Classics Club #13; 20 Books of Summer
Belinda and I bravely challenged ourselves to read War and Peace as part of our wonderful Gregory Peck-a-long. Belinda was ambitious and read the whole volume; I cheated, and purchased a beautiful old hardback edition of the first volume (albeit by mistake; I was under the illusion that it was the entire book). Whilst I was most looking forward to our project – I have wanted to read the book for at least a decade, and very much enjoy Tolstoy’s shorter fiction – I must admit that I was rather daunted by the prospect, and it took me rather a long while (and a lot of spurring on!) to finally get around to adding the epic to my read list.
I have an absolute adoration for Russian fiction and literature and, quite as I predicted, I was soon absorbed within War and Peace – so much so that I managed to finish the first volume in just over a day whilst travelling and on holiday in June. (One of my friends called me ‘ridiculous’ for doing this, but I think that deep down, he was actually really very impressed).
The introduction to my volume was written by the edition’s translator, Rosemary Edmonds. I found the reading experience of it lovely; she brings into play a lot of Tolstoy’s quotes about his craft and why he so adored it, as well as setting out the context of his life, and his inspiration for War and Peace. In a letter to his cousin in 1863 which Edmond includes, Tolstoy writes the following of War and Peace: ‘Never before have I felt my intellectual and even all my moral faculties so unimpeded, so fit for work. And I have work – a novel of the period 1810-1820, which has completely absorbed me since the beginning of the autumn… I am an author with all the powers of my soul, and I write and reflect as I have never written or reflected before’. He goes on to say, in rather a marvellous fashion: ‘If I were told that I could write a novel in which I could indisputably establish as true my point of view on all social questions, I would not dedicate two hours to such a work; but if I were told that what I wrote would be read twenty years fro, now by those who are children today, and that they would weep and laugh over it and fall in love with the life in it, then I would dedicate all my existence and all my powers to it’.
War and Peace took Tolstoy five years to write, and first appeared in serial form, before being published in six volumes in 1869. His subject within the novel is humanity; ‘people moving in the strange delirium of war and war’s chaos’. The interest within it, writes Edmonds, ‘is concentrated in two households’ – the relatively impoverished Rostovs, and the Bolkonskys, who are ‘standing outside the higher than “high” society’. Edmonds believes that, ‘Nothing could be simpler than the mass of incidents described in War and Peace. All the everyday happenings of family life… are threaded onto the necklace with as much care as the account of the battle of Borodino. Each incident is vividly portrayed, each circumstance is real, as seen through the eyes of the various protagonists’.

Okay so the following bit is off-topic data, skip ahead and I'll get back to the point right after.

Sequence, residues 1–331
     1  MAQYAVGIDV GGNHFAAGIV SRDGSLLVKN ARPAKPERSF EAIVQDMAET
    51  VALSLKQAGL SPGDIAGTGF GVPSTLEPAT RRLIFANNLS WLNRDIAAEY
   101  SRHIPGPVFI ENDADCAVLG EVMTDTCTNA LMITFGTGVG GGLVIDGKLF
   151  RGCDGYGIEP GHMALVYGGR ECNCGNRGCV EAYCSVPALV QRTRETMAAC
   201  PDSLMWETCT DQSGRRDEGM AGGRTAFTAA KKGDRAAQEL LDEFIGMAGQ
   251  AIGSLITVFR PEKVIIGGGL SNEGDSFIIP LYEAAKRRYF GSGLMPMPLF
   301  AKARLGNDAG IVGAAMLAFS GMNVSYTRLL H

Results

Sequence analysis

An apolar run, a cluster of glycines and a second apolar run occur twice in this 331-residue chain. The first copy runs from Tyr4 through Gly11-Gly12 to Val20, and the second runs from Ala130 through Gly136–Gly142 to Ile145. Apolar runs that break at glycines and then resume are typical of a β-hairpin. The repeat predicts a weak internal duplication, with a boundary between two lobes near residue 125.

War and Peace is immediately and wonderfully set within its historical background; the whole opens with Prince Vasili speaking to Anna Pavlovna: ‘It has been decided that Bonaparte has burnt his boats, and it’s my opinion that we are in the act of burning ours’. As one would expect, the novel is rather politically minded in places, an element which I found absolutely fascinating. The world of the characters seeps into the reader’s consciousness, and scenes are so vivid that they come to life without pause. The reader has essentially been given an elevated position by Tolstoy we see absolutely everything in the manner in which his protagonists do, and nothing whatsoever is concealed from us.
Tolstoy has filled portions of War and Peace with quite profound ideas: ‘If everyone would only fight for his own convictions, there would be no wars’. His scene construction abilities are marvellous. Of a character in childbirth, for instance, he writes the following: ‘The most solemn mystery in the world was in process of consummation. Evening passed, night wore on. And the feeling of suspense and softening of heart in the presence of the unfathomable did not wane but was heightened. No one slept’.
I found Edmonds’ translation incredibly easy to read, and found that the whole has a wonderful flow to it, almost to the extent that it does not feel like a work which was not originally written in English. The structure of War and Peace is marvellous, and the way in which it is comprised of relatively short chapters makes it all the more accessible. An aspect which I particularly loved was the feel of Russian life which it gives, from the entirely different perspectives of two families. With regard to the character constructs, I certainly found Natasha the most interesting.
War and Peace is a soaring epic; there is love and heartbreak in swathes, and the characters are so realistic. Whilst I did not adore it, it held my interest throughout, and I believe that I am just about ready to move onto Volume Two.